# Does commutativity of $+$ on $\mathbb{N}$ imply the associativity of $+$ on $\mathbb{N}$?

Question: Consider the binary operation on the free commutative magma generated by one element. Is this binary operation also associative?

Note: I do not mean the free magma (1)(2) generated by one element -- I mean the quotient of this object by the appropriate equivalence relation inducing commutativity.

Background: This question is meant as a sort of "converse" to this question. In the answers and discussion surrounding that question, it was established that the associativity of addition of $\mathbb{N}$ implies the commutativity of the addition of $\mathbb{N}$ (see also here, here, or here). More generally, it was established that the binary operations of both the free semigroup and of the free monoid generated by one element are commutative. (Obviously these are isomorphic to $\mathbb{N}$, depending on whether one doesn't or does include $0$ as a natural number.)

In particular, I am well aware that, in general, neither does associativity imply commutativity nor does commutativity imply associativity. Neither general implication is the nature of my question.

As far as I understand, it is also possible to prove that addition on the natural numbers is commutative without appealing to associativity (1)(2). However, it can also be proven by appealing to associativity. So I would be interested to know if there is a proof of associativity of addition on the natural numbers which appeals to commutativity of addition (assuming that commutativity can be proven independently of associativity).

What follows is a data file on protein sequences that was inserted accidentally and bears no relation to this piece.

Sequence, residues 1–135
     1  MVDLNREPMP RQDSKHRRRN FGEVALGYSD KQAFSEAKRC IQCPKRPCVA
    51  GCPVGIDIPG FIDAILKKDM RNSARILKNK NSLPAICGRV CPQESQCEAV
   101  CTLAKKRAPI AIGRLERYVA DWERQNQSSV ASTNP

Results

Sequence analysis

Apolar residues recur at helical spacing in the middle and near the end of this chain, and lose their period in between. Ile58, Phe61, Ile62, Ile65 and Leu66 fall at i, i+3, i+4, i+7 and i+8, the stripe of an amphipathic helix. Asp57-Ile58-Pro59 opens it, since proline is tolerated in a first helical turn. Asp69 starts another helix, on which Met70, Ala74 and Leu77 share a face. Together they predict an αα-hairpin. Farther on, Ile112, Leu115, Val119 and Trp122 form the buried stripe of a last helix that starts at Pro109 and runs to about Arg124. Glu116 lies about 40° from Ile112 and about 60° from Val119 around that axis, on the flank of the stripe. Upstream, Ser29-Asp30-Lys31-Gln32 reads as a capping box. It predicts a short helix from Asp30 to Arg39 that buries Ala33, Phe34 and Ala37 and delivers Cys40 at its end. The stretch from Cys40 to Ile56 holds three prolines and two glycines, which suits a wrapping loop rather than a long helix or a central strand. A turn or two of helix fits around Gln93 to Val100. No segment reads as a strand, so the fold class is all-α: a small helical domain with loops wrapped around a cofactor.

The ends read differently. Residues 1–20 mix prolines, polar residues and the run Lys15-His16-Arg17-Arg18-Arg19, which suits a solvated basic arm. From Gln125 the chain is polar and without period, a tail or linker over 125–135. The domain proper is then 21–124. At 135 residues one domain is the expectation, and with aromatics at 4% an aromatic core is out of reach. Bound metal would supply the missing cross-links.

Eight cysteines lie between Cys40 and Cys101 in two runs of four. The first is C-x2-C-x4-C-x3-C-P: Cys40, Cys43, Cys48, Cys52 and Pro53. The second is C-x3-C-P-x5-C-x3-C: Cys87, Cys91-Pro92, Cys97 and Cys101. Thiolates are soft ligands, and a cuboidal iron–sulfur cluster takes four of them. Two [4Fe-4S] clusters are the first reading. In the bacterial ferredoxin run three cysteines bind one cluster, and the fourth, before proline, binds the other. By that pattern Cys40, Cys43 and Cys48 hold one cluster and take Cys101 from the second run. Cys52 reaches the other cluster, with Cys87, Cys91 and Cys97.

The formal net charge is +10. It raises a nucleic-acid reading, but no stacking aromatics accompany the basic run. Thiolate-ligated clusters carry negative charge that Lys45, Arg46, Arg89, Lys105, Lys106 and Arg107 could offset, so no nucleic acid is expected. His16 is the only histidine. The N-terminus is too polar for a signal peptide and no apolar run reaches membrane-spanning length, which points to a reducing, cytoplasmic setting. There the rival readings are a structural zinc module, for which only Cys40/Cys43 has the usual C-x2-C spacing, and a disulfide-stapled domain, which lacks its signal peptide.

• I am not sure how relevant the part about commutativity of addition is since that is specifically for the natural numbers, rather than for the free magma generated by one element (which is not commutative). My guess would be that the commutative version is not associative, since that would make it isomorphic to the naturals, but rather it should be possible to describe it by having a unique representative of each equivalence class with the parentheses in some "minimal" configuration. Commented May 2, 2017 at 9:04
• @TobiasKildetoft The last part makes sense, I agree. Just to be clear/for the record though, I am not talking about the free magma generated by one element, I am talking about the free commutative magma generated by one element. (It's the same sort of thing how a free abelian group isn't actually a free group, I think. I don't know how else to phrase it more clearly.) Commented May 2, 2017 at 10:04
• Hmm, not being that familiar with magmas in general. Is the free commutative magma the same as the free magma modulo all commutation relations? Commented May 2, 2017 at 10:21
• In general, one can have commutativity but $(aa)(aa) \ne ((aa)a)a$. For example, consider the magma whose elements are the symbols $a, aa, (aa)a = a(aa), (aa)(aa), ((aa)a)a = a((aa)a)$, agreeing that a product of five or more $a$'s is equal to $a$. Then this magma is commutative but not associative. If the free commutative magma were associative, so would this one be, since it is a quotient of it. Commented May 3, 2017 at 8:29
• Another proof with the same counterexample. If you represent elements of the free magma by finite trees, the length of the longest branch is invariant under commutations. Now the tree $((aa)a)a$ has a branch of length 3, but $(aa)(aa)$ has only branches of length 2. Commented May 3, 2017 at 11:34

In general, one can have commutativity but $(aa)(aa)\ne((aa)a)a$. For example, consider the magma whose elements are the symbols $a,aa,(aa)a=a(aa),(aa)(aa),((aa)a)a=a((aa)a)$, $b$ agreeing that a product of $b$ and anything or of five or more $a$'s is equal to $b$. Then this magma is commutative but not associative. If the free commutative magma were associative, so would this one be, since it is a quotient of it.
• If the product of five or more $a$'s is equal to $a$, then $a = (a((aa)(aa)) ) = (a(a((aa)(aa))))$ whence $(aa) = (a(a((aa)(aa)))) = a$. I think you should simply assume instead that all products of length $\geqslant 5$ are equal (but not to $a$). Commented May 4, 2017 at 8:56